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Online Table Tennis Coaching?

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Joo Se Kev View Drop Down
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    Posted: 08/13/2018 at 6:44am
Hey guys! Posted this over at OOAK, but would love your input too:

While I happen to be an online trainer myself (for health, athleticism, weight loss, muscle gain, etc.), I'm certainly not qualified to coach table tennis remotely.

Still just a scrub, intermediate player dreaming of being like Joo Se Hyuk when I grow up  Wink  

But it makes me wonder...Are there any prominent online table tennis coaches around today? If so, what's your opinion on the efficacy of having an online coach for table tennis?

Do you think it's a viable way to improve your skills?

Personally, I had a great experience with Greg Letts (nearly 10 years ago!), but I'm not sure he's still doing it.

Would love to hear your guys' thoughts on it!
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jfolsen View Drop Down
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Post Options Post Options   Thanks (0) Thanks(0)   Quote jfolsen Quote  Post ReplyReply Direct Link To This Post Posted: 08/13/2018 at 9:32am
I did online coaching with Sean O'Neill several years ago as part of my drive to reach 2000. It worked fine. I would send him the occasional video of my matches, he would send them back with commentary. There were also specific drills to do, both to correct weaknesses and general consistency. It's not that much different from having a coach in person except for the time lag.

And in some respects it may even be better. A lot of what passes for coaching I would categorize as "renting a hitting partner." The amount of coaching that occurs is quite minimal. Ideally, your coach isn't hitting with you, they are watching you as you hit with others. That happens 100% with video coaching. I find the occasional ad for table tennis coaches that specify the applicant must have a certain rating silly, they are hiring a training partner, not a coach.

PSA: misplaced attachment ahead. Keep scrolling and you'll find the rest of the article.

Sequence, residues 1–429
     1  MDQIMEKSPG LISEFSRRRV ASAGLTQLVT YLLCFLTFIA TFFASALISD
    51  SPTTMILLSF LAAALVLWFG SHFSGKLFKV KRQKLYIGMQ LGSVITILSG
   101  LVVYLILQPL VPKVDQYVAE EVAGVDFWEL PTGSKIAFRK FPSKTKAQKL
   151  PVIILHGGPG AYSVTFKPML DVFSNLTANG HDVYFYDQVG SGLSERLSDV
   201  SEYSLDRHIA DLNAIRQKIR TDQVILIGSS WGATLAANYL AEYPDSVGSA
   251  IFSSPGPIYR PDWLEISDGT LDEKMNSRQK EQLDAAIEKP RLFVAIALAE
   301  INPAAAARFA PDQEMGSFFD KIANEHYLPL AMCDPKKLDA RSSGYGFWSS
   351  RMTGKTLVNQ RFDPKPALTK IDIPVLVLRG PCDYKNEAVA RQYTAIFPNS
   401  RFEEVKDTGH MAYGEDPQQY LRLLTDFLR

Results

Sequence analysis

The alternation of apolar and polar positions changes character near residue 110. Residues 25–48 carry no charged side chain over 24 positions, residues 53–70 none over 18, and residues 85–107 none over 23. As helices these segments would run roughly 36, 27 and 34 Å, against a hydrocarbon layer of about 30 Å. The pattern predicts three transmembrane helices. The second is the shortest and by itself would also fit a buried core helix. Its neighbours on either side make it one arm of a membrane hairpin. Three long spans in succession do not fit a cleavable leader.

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Post Options Post Options   Thanks (0) Thanks(0)   Quote NextLevel Quote  Post ReplyReply Direct Link To This Post Posted: 08/13/2018 at 10:55am
There is some benefit of practicing against the ball quality and consistency of a higher level player. Yhat said, I agree with the "glorified practice partner" pandemic that passes for coaching in the US for a variety of reasons that jfolsen describes. I also agree that online coaching allows you to focus on things that may be easy to overlook when you are being coached in person.

I think the biggest side benefit of online coaching is that it forces you to record and revisit your play. It's too common to see people take away the first interpretation of how they played based on their memories as a fact. The chance to review and reinterpret what is happening and to share it with someone who has seen many similar situations and can prescribe a reasonable solution is invaluable.

The other thing I recommend is to work with someone who has some experience coaching and getting results with the kind of player you are. Unless your goal is to be a 2500 player, this isn't always a 2500+ player.
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Post Options Post Options   Thanks (0) Thanks(0)   Quote BRS Quote  Post ReplyReply Direct Link To This Post Posted: 08/13/2018 at 11:34am
NL's advice is all good. It's pretty hard to work on specific technique with an online coach. A good balance to me is to have an online coach do match coaching (after the fact obviously) and advise you on what to concentrate on in training. Then use a live "glorified practice partner" coach to work on the situation or skill the match coach saw.

That's not as good as having a real live high-quality coach do both with you like a serious competitive player does. But we are dealing with second-best by definition here.
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Post Options Post Options   Thanks (0) Thanks(0)   Quote rocketman222 Quote  Post ReplyReply Direct Link To This Post Posted: 08/13/2018 at 1:18pm